In Praise of the Avengers Age of Ultron
Whedon delivers respectable follow-up to the first film
The special effects are state of the art and so is the superhero dramatics. Bruce Banner and Black Widow strike up an interesting demi-romance, and Hawkeye is explored in a way that reveals his secret life of rural living and this intrigues Tony Stark and sends him into ruminations about the completely absent Pepper Potts and what kind of future they might have if he takes off the Iron-man suit.
Whedon is not exactly cutting a new slice of cake here, as sudden retreats into the country are standard thriller-movie (especially spy movie) fodder and a way to drop the tension, pull the hero out of the technological threats of the modern world so that it can be upped again shortly thereafter (there's also a kind of built-in love for the rural that haunts the audience group that encompasses much of the ticket-buying public).
This works perfectly well for Whedon's tale as does all the other plot machinery which seems to always keep the Avengers no more than a scant five minutes way from the next fight.
The fighting is inevitable because Ultron, a Tony Stark creation by way of Jarvis and a mothballed A.I. technology project, becomes a self-analyzing Frankenstein monster that can replicate himself and use internet networks to stay one step ahead of Earth's Mightiest Heroes.
James Spader's Ultron isn't mindlessly bent upon standard super villain quest for destruction, but rather to fix all of earth's problems with a master-solution: destroy the people and force what's left to evolve into something worthy of approval (whether that means Ultron's approval or Disney/Marvel's is the unknown question).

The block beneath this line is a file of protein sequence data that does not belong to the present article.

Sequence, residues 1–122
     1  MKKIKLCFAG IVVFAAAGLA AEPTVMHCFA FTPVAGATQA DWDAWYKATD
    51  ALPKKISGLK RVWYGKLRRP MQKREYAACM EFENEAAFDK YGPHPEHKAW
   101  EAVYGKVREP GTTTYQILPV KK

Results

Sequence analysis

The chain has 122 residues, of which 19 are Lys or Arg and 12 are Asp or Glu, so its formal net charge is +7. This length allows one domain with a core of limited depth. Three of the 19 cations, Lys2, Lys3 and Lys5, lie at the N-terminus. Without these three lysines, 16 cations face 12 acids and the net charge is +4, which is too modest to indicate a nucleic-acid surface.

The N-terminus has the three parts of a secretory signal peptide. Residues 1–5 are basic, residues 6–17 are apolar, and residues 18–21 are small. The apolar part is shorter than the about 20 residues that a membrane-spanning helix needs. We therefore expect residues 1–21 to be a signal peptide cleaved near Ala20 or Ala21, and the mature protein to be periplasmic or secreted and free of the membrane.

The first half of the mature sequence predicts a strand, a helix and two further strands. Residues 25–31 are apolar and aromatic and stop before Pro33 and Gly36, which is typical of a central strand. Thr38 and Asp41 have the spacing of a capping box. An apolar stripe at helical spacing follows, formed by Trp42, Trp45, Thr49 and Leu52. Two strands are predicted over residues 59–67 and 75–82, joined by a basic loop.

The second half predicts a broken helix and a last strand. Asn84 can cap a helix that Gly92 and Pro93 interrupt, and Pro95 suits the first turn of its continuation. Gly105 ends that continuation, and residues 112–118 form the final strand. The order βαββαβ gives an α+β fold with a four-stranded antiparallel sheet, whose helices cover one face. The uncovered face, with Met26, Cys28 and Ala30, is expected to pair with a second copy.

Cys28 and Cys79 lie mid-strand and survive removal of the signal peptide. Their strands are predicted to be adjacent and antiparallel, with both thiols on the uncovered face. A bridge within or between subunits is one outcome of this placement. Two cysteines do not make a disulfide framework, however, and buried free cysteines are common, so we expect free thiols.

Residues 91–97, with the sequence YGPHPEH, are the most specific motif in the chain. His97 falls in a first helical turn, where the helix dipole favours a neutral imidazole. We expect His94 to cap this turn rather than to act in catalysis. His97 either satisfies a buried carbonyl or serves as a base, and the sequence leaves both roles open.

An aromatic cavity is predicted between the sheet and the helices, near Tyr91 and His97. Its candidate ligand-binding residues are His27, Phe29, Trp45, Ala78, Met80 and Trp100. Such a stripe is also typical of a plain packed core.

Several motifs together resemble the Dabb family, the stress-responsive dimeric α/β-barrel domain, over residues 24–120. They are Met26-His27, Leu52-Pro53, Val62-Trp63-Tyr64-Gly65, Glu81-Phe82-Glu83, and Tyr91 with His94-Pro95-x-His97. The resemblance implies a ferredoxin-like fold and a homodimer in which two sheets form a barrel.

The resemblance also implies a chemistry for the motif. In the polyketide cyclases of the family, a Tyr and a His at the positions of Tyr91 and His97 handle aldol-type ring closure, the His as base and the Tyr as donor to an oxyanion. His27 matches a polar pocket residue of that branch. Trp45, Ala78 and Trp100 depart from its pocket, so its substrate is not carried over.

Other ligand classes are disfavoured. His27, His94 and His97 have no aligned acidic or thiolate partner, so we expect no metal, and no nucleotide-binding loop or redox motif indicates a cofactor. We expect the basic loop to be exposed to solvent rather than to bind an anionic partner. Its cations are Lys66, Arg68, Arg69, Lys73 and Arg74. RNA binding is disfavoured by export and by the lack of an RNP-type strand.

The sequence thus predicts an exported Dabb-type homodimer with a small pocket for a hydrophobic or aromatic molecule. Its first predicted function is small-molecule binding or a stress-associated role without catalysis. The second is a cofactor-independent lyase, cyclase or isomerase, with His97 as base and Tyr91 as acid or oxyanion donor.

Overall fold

Quick-paced and chock-full of the trademark Marvel wise-cracking, Whedon pushes out a little bit of space to introduce Quicksilver and Scarlet Witch and lets the situation with Ultron provide more background to fill in their back story. The Vision is also thrown into the mix and plays a crucial role.
The tale is punctuated with sections of exhilarating superhero violence (the kind with gigantic powers but little actual bloodshed) and since the main villains are non-human robots, the heroes can beat them to pieces with the same abandon used on the alien invaders from Avengers I. It's not a video game catharsis of killing zombies, but it's not that far removed.
Whedon has made a solid superhero movie and an essential chapter in the Disney/Marvel exploding catalog of cinema of comic book films. Whedon's tale also references the sub-plots of the other Marvel movies already made and to still be made, which lets Avengers Age of Ultron act much like the first film did - a kind of plot backbone that the other films plug into.
Age of Ultron Reviews:
Your mission, Joss Whedon, if you choose to accept it, is to make a sequel to the biggest money-making superhero movie ever made.
Suffering from the over packed feel of too many major characters taking up screen time, the movie is also hurt by being an obvious vehicle to ease the transition from an Iron-Man dominated Avengers into a different group for the inevitable Avengers III.
The special effects are state of the art and so is the superhero dramatics.
Disney and Marvel:
Disney Buys Marvel Comics for $4 billion - 2009 The House of Mouse buys the House of Ideas
Disney spends $71.3 billion to get 21st Century Fox - March 2019
Original Page October 3, 2015 | Updated August 2020